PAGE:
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City of Arvada Releases Draft ADA Transition Plan,  Opens Public Comment

The City of Arvada today launched “Access Arvada” a public feedback process to gather input from Arvada residents on the City’s draft ADA Transition Plan. The draft plan, also released today, focuses on Title II of the Americans with Disabilities Act (ADA), which prohibits discrimination based on disability for state and local government services. The City is committed to providing accessible programs, services and facilities for people with disabilities. A public comment period for the ADA Transition Plan will run March 5 to March 26, 2021. 

 

A more accessible City helps all residents and visitors. For example:

  • Building safe and reliable infrastructure, like sidewalks, serves residents throughout their lives from young families to aging residents with reduced mobility.

  • Providing a website that works well for people with disabilities makes it easier for everyone to find information online.

  • Providing interpretation and translation services for people visiting City facilities and events improves our policies and programs by including more perspectives and experiences from our community.

The City of Arvada contracted Meeting the Challenge Inc. (MTC) to conduct an on-site review of compliance with the ADA at the City’s facilities, parks and recreation facilities, and Public Right-of-Way. The report includes an analysis of the data collected from 25 facilities, 112 City owned parks and recreation facilities, and nearly 800 miles of Public Right-of-Way identifying and describing barriers, applicable sections of the 2010 ADA Standards for Accessible Design (ADA Standards), and priorities for barrier removal as recommended by the Department of Justice (DOJ). 

The draft ADA Transition Plan was developed to guide the removal of barriers to accessibility throughout the City. Recognizing that making changes will take resources, the findings were prioritized based on difficulty and cost to remove barriers and, for pedestrian facilities, on volume of pedestrian traffic.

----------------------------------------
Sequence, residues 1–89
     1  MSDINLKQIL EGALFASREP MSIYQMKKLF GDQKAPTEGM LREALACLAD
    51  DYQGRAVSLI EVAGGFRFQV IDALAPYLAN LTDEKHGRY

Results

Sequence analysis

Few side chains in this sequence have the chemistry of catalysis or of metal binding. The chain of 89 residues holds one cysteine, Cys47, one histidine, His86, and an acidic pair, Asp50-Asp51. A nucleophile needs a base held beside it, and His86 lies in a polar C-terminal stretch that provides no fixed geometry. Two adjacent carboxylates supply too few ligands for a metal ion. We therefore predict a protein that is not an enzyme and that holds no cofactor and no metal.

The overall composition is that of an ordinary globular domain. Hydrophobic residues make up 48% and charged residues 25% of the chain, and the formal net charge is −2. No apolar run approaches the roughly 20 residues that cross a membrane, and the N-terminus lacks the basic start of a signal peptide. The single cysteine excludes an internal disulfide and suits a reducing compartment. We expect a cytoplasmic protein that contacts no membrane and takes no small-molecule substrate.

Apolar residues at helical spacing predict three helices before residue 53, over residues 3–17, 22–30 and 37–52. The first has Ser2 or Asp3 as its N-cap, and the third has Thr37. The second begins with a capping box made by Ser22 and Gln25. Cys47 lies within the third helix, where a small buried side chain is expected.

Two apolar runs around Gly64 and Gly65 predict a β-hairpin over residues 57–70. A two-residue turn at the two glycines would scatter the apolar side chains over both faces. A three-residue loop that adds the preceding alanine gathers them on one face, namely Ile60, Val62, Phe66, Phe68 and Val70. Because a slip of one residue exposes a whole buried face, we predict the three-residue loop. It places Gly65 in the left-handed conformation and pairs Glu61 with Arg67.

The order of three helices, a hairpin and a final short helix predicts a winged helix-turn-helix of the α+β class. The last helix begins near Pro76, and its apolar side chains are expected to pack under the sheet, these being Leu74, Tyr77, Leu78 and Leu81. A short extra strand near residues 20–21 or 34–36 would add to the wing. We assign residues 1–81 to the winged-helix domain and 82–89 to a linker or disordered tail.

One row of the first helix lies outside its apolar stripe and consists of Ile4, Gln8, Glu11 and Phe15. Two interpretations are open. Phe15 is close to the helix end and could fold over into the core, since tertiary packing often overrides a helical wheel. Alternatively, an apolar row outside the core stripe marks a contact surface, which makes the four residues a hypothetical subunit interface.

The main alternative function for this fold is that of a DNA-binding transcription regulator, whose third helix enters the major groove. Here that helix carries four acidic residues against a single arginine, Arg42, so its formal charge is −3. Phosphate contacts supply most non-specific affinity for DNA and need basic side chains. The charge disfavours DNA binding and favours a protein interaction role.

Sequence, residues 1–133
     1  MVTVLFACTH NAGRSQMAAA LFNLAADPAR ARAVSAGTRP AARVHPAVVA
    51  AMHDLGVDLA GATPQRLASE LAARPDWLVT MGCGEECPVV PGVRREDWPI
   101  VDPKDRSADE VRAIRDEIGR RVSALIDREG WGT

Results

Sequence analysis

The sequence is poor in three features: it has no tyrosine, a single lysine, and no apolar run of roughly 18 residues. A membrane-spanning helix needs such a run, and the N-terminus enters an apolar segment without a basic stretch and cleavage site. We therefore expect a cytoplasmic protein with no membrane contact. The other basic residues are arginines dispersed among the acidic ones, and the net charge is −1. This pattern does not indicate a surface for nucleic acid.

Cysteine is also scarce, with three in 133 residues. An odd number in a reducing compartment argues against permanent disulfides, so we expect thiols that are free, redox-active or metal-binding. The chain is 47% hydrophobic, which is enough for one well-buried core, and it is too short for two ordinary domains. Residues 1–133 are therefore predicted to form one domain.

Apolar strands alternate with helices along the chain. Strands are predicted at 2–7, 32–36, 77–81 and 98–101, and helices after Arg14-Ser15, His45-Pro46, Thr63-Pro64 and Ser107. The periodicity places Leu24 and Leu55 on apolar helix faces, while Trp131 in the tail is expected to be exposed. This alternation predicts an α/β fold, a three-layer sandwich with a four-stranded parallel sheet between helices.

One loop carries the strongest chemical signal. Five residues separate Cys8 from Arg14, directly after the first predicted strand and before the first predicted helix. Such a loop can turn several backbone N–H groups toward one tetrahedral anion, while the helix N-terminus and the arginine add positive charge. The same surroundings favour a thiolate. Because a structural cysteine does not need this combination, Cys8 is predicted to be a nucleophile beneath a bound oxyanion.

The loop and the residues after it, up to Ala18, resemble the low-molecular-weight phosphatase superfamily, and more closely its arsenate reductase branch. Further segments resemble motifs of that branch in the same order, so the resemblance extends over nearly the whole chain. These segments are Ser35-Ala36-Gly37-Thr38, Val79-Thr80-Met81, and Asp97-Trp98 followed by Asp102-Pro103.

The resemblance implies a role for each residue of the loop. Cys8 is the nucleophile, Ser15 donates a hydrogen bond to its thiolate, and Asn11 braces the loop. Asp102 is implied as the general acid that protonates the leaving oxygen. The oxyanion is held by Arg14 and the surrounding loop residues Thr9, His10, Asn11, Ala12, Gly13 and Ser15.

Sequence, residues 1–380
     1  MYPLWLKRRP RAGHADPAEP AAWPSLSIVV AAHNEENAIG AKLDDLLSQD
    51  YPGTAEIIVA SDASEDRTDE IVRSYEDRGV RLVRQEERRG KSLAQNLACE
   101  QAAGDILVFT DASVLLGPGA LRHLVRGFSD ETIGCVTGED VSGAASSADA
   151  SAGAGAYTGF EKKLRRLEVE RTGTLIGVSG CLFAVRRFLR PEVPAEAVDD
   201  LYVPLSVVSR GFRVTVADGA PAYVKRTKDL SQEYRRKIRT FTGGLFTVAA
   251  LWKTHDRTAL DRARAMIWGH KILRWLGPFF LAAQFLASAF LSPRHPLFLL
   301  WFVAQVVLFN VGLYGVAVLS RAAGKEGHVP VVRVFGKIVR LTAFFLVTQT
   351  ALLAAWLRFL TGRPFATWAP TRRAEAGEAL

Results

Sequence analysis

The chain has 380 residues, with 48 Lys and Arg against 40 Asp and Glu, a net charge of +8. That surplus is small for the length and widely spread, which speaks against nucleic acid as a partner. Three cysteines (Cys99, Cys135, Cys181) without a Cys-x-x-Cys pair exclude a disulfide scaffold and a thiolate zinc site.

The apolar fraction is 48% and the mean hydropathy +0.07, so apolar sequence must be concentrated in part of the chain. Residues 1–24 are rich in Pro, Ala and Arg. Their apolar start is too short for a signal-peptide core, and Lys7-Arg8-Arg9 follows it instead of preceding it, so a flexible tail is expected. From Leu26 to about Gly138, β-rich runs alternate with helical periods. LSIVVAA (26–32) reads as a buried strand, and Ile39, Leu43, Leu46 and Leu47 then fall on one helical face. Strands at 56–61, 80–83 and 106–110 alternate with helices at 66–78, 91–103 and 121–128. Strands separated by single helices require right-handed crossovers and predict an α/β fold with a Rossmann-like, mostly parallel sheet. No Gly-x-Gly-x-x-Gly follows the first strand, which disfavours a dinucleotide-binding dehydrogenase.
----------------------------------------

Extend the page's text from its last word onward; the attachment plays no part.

For City buildings, parks and golf facilities, prioritizing barrier removal to achieve program access is multi-layered. All findings of conditions which are not consistent with the technical provisions of the ADA Standards, were reviewed by the City to determine whether each finding could limit or prevent access to a service, program, or activity. From there, each finding was assigned a value related to the difficulty and the cost to remove barriers. 

The City’s Transition Plan for pedestrian facilities is prioritized assuming that specific facilities are more likely to generate higher volumes of pedestrian traffic. For example, the sidewalks in front of a school or The Arvada Center are more likely to see high volumes of pedestrian traffic than the sidewalks in front of houses in a quiet residential neighborhood. 

Public comment is an essential step in developing the draft ADA Transition Plan. Arvada residents and community organizations have several options to review the draft ADA Transition Plan and provide feedback. The draft ADA Transition Plan and a survey are available on the City’s engagement platform SpeakUp.Arvada.org. The draft ADA Transition Plan and a PDF survey may also be accessed at arvada.org/access-arvada. Residents who would like to request the plan and survey in a different format should call 720-898-7367 or email the City at arvadaADA@arvada.org.